El Fantasma Continues To Prove Why He Is The New King of Corridos… A.K.A. King Of The Trap
Being born to a Mexican mother, from Monterrey to be exact, I grew up listening to everybody from Los Tigres Del Norte, to Los Cardenales (my all-time favorites) to El Poder Del Norte. It wasn’t really until we moved to Monterrey for a year following my parents divorce, did I fully begin to appreciate Norteños. That being said, as proud as I was of my background, listening to this music in front of my friends wasn’t always something I flaunted, or necessarily even wanted them to know I liked. It’s not that I was embarrassed, but I almost felt like I was being too Mexican if I played El Celular or Si Yo Fuera El in public.
Fast-forward to my adult-life and up until recently, I still had the same sentiments. That is, until I heard my now ex-boyfriend listening to corridos while he showered:
“Guacha tus amigos cuales son los real/Me fijo en detalles y cual va traicionar”
“Look out for your real friends/ I pay attention to details and who’s gonna betray me”
As the trumpets and trombones blared through the bathroom door, I thought to myself “is this guy low-key singing about snitchin’?” Nah, couldn’t be. It almost reminded me of the verse on “Get Throwed” where Pimp C says “Watch your paper/Guard your life/Cause most of these niggas aint livin’ right.” It was in that moment, for the first time ever, that I began making the correlation between the trap music that has become ever so popular in today’s music, and the Spanish music that I grew up listening to, but tried to repress.
I waited for my ex to hop out the shower and asked him who he was listening to. “El Fantasma,” (The Ghost) he replied. The name of the song was “Vengo A Aclarar”, he told me. Even though I felt like I was being too mexican listening to the Banda music that I was forced to listen to in that relationship, I immediately started googling El Fantasma and thought, let me give this guy a listen and see if he’s talking about what I think. Afterall, according to Mexican media, he’s being considered “The King of The Underground” kind of like my favorite rap duo UGK. I remember scrolling down to see that Vengo A Aclarar had garnered over 20 million views on youtube and a few clicks later, I stumbled across this song called Los Corridones and the opening verse absolutely confirmed exactly what I thought he was singing about… Trappin’.
“Con porte de caballero/Cien por ciento traficante/Esta noche me la rifo/La suerte voy a jugarme/Pal intercambio de drogas cargo mis dos celulares”
“Drug Dealer in a suit/Tonight I’m pushing my luck/Carrying my 2 cellphones to exchange dope”
“Hold up,” I thought. “This dude is really talking about how he’s the plug with 2 cellphones.” Literally all that ran through my head as I kept listening to this song was Kevin Gates in the background singing “I got two phones, one for the plug and one for the load,” lol.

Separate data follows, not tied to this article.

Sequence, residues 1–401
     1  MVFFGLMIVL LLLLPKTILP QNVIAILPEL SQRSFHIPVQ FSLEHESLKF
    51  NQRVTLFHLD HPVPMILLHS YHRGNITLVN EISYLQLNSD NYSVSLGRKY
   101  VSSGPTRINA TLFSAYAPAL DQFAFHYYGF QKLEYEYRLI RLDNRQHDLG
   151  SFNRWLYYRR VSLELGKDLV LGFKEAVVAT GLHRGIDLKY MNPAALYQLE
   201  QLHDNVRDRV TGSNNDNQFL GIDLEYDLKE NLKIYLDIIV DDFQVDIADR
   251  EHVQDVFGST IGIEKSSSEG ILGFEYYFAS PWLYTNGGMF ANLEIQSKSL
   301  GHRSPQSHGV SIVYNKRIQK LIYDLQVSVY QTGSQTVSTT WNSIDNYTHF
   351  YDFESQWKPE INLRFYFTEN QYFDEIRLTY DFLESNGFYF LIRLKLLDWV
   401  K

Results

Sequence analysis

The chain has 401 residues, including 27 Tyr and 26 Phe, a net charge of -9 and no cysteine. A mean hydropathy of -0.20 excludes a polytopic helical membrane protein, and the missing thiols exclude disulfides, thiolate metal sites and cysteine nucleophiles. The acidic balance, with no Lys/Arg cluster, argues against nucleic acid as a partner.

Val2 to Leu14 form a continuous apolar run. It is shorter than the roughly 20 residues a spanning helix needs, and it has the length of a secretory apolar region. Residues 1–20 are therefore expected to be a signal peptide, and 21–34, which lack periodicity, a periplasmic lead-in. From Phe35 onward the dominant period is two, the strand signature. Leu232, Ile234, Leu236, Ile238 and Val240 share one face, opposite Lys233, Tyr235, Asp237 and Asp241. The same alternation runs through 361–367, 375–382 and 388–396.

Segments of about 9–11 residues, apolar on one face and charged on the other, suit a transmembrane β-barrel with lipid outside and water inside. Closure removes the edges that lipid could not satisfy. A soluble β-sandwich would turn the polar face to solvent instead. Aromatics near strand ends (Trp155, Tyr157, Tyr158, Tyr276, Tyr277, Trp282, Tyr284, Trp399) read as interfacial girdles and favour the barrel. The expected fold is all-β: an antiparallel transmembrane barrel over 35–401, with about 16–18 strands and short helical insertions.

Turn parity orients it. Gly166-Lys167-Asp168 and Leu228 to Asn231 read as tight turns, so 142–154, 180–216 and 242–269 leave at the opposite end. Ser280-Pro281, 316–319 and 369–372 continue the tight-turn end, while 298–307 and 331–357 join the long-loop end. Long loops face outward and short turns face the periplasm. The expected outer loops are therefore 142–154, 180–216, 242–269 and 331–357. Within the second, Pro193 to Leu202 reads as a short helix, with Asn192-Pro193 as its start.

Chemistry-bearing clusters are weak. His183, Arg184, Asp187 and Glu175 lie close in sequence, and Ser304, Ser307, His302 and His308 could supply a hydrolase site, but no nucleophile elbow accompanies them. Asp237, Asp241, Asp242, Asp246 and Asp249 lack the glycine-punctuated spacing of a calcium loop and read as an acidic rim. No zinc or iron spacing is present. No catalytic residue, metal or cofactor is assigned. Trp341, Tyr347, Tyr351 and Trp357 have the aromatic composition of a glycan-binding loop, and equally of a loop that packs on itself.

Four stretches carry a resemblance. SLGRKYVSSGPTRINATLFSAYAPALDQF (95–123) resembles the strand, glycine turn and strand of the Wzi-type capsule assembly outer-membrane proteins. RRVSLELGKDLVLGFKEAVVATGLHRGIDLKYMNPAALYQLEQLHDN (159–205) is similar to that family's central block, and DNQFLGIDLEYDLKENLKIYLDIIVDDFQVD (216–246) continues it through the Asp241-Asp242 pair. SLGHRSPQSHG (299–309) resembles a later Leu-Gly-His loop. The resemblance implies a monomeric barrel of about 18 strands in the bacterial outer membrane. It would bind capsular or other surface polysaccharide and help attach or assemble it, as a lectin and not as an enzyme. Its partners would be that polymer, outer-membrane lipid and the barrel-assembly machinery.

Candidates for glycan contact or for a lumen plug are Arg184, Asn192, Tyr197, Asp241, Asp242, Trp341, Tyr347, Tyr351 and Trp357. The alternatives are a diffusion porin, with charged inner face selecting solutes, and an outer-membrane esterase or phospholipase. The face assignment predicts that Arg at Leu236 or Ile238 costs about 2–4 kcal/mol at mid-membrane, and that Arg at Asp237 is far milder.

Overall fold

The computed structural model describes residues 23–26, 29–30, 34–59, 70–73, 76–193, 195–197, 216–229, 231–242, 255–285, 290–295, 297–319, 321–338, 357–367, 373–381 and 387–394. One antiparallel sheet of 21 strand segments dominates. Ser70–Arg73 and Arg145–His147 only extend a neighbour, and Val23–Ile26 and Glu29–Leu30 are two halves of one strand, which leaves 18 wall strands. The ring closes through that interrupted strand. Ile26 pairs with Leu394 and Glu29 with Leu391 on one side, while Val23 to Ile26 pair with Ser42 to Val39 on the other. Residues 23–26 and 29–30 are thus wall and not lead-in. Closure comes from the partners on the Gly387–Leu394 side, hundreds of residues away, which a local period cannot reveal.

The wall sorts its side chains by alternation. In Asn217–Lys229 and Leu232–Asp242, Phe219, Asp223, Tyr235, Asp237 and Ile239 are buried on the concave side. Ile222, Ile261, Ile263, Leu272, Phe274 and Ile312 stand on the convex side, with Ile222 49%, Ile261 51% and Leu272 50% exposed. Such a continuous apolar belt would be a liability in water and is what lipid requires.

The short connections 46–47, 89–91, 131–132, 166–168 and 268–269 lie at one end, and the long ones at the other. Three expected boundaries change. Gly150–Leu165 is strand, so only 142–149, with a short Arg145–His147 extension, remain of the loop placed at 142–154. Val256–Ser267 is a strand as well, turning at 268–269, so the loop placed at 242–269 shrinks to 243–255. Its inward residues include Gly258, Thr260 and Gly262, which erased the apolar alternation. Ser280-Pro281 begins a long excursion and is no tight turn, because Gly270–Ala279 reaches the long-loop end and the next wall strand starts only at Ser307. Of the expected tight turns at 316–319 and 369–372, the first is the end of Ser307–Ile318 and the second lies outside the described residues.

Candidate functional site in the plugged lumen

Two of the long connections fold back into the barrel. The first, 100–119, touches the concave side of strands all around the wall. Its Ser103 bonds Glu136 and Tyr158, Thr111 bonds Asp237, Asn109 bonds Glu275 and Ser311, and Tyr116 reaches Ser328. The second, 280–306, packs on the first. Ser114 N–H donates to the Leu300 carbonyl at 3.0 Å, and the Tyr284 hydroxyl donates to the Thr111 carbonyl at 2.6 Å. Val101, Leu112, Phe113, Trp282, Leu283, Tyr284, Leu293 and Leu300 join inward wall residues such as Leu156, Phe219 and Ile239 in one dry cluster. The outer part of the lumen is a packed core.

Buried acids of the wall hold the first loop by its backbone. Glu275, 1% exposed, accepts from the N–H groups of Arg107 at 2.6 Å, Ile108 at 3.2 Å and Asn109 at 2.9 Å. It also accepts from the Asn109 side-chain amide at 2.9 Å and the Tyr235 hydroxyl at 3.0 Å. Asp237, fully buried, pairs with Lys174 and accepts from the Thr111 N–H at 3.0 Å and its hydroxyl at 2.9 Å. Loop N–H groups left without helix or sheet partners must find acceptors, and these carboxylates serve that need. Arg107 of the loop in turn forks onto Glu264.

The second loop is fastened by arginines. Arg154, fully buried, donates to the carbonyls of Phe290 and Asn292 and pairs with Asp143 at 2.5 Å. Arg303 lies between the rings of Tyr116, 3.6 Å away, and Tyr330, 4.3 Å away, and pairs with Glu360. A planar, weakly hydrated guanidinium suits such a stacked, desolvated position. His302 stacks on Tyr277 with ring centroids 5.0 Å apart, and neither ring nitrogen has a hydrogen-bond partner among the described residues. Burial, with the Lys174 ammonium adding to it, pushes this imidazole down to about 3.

Los Corridones continued playing on, and after a verse where El Fantasma flamboyantly talks about growing and harvesting weed, he goes on to use the word “Kush” in a thick Spanish accent sounding more like “Koosh”. All I can remember was laughing out loud and asking myself “Did he really just use the word Kush?” The answer is yes, he really used the word kush, and yes, he’s really singing about being the plug.
Over the past year, I really grew to like El Fantasma’s music… So much so, that I was halfway from south Texas to catch a show in Dallas (a 6 hour drive for those not familiar with just how big Texas is) when I was scrolling through my Instagram and saw the words that I was dreading… SOLD OUT. Honestly, I had no idea that this guy had gotten so popular that he had just sold out one of the bigger live music venues in Dallas. Nonetheless, I was disappointed that I hadn’t purchased tickets sooner, and even more disappointed that I couldn’t just call anybody to get me in because frankly, nobody I knew besides my ex-boyfriend even knows who he is… Just yet.
The correlation between El Fantasma’s music and the trap music that many first-generation American kids like myself grew up on, and still listen to, is this… It’s the same come-up story of humble beginnings, the hard-work that goes into getting ahead, and finally, being able to provide a better life for your family, all awhile trying to stay out of prison.
I realized that in my recent transition from thinking that listening to Banda or Norteños made me “too Mexican”, that it actually gave me something to talk about with my friends while trying to explain why I was driving 6 hours to try and catch a sold out show that I never even got to see. “He’s like… The king of the trap,” I remember saying to my homegirl over the phone when I was telling her that I wasn’t going to make it into Dallas, “Except he’s like the real king of the trap.” “Oh,” I remember her saying… “What’s his name again?”
“El Fantasma,” I replied.
Click Below to Watch a snippet of El Fantasma’s Sold Out Show in Dallas, TX: